This isn’t photographer Omar Z. Robles‘ first time in South America, but he continues to unearth new, diverse richness of cultures found within. He’s captured local ballet dancers on the streets of Argentina and Chile, but there’s something a bit special about his latest work in Rio de Janeiro, Brazil’s second largest city. Coming off the chilly streets of Prague, Robles steps onto the vibrant streets of the city, capturing the contradictions that fill this magical place.
Once again, dancers are at the forefront, throwing their bodies into gravity-defying leaps and sinking their limbs into the city streets. But more and more, Robles’ series of dance portraits also speaks to the specificity of each location, the dancers providing the backdrop for his uniquely personal travelogue.
One minute moving to the rhythm of music on Ipanema Beach, caught up in the throws of a local celebration, Robles quickly realized a different reality for locals, when policemen stormed the crowd to catch young thieves in the group. This was just the beginning of the adventure, one that gave the photographer a taste of the good and bad that Brazilians in Rio encounter daily. But through it all, he remained enthralled by the positivity he saw through the difficult times that were had.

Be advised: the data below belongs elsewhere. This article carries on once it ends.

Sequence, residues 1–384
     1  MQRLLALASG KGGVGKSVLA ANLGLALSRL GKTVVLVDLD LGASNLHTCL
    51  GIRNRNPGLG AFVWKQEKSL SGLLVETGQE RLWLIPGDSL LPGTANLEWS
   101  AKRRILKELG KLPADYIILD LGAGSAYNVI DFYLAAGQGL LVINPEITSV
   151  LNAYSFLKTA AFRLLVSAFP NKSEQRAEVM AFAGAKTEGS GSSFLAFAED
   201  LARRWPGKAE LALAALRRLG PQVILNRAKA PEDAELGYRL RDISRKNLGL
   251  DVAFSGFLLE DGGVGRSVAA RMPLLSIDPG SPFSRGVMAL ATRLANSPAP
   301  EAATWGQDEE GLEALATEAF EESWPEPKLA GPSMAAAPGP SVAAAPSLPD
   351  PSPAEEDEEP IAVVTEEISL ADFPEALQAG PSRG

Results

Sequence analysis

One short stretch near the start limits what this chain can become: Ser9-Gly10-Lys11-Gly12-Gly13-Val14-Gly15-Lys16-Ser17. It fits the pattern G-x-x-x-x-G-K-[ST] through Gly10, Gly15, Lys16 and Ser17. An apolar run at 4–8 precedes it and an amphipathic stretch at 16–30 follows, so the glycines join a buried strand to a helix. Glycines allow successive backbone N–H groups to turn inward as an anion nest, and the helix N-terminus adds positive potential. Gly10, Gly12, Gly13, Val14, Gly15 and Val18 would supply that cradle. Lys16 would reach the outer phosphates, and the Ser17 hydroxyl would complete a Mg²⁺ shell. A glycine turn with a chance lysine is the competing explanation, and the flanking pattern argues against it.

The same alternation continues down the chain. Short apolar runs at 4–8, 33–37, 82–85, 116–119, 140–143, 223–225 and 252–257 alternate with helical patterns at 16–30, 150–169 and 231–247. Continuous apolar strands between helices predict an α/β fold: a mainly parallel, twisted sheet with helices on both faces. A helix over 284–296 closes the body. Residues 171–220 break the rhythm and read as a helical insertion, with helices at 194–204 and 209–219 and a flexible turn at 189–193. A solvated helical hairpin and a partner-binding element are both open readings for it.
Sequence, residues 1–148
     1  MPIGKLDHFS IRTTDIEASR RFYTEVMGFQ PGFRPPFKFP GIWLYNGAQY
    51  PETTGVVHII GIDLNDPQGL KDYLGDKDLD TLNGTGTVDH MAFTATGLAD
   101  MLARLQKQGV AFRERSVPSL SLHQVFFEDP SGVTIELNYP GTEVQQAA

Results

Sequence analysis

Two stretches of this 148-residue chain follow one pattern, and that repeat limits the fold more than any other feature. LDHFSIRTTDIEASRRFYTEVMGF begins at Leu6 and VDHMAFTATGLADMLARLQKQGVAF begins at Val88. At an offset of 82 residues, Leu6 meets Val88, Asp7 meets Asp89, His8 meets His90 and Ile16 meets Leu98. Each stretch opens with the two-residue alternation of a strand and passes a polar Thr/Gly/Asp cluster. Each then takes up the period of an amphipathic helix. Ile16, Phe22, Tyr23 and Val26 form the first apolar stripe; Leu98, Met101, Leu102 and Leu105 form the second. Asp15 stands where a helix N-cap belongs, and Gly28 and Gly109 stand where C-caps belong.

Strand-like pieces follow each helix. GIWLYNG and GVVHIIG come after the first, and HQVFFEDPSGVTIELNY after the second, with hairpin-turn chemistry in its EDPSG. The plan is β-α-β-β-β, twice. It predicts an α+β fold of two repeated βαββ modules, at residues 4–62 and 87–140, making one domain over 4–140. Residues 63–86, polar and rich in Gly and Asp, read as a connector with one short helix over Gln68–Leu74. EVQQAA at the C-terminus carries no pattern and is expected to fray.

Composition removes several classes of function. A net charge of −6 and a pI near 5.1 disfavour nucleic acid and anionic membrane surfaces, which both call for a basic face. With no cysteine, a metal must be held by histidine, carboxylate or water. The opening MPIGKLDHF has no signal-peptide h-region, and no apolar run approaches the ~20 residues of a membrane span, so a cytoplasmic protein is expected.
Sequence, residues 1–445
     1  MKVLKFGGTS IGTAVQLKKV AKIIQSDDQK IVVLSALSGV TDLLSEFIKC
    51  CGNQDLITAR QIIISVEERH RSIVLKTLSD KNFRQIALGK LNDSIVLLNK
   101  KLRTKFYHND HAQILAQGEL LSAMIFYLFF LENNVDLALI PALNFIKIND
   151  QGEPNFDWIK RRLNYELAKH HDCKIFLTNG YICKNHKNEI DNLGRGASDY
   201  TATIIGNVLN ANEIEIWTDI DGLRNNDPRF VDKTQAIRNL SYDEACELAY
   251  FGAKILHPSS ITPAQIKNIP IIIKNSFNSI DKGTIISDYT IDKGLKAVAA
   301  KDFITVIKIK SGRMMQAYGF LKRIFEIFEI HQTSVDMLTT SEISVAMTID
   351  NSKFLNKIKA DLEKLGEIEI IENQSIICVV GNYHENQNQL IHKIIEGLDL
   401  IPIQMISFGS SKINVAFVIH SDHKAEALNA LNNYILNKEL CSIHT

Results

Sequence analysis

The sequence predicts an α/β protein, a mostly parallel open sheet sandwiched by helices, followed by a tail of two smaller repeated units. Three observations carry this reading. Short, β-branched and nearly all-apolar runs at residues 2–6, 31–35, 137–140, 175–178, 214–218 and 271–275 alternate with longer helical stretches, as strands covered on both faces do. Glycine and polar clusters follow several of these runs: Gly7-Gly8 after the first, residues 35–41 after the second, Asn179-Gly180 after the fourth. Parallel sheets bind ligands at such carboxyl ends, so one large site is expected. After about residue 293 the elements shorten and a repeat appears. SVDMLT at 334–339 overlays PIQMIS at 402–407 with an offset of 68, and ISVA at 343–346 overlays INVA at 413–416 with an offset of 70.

“Seems that in our short time there we got a small taste of everyday life for Cariocas. A melange of bohemian joyful spirit menaced by constant uncertainty and fear,” Robles writes. “Yet people still fill the streets daily after-hours to drink beers amongst friends, almost as a sign of solidarity. They sing at the top of their lungs and dance following the ‘blocos’ as one entity. They will not give in, they will not give up and they will fight together. Brazilians graciously sway through this system with the poise of a veteran tightrope artist, knowing full well that at any given moment things can fall apart beneath them.”
Robles offers a measured view, one not ripped from an idealistic tour book, nor pushed toward the terror that sensational headlines often convey. For him, Rio was a place that reminded him of his native Puerto Rico, a place where tropical weather, warm hospitality, and drum beats come together to create unmatched energy. And what he came away with was a better understanding of the Brazilian spirit. “Brazilians understand that life is full of crappy moments, but life is still beautiful nonetheless, and it must go on. What matters, in the end, is the relationships we build, the people we love, and the beers we share.”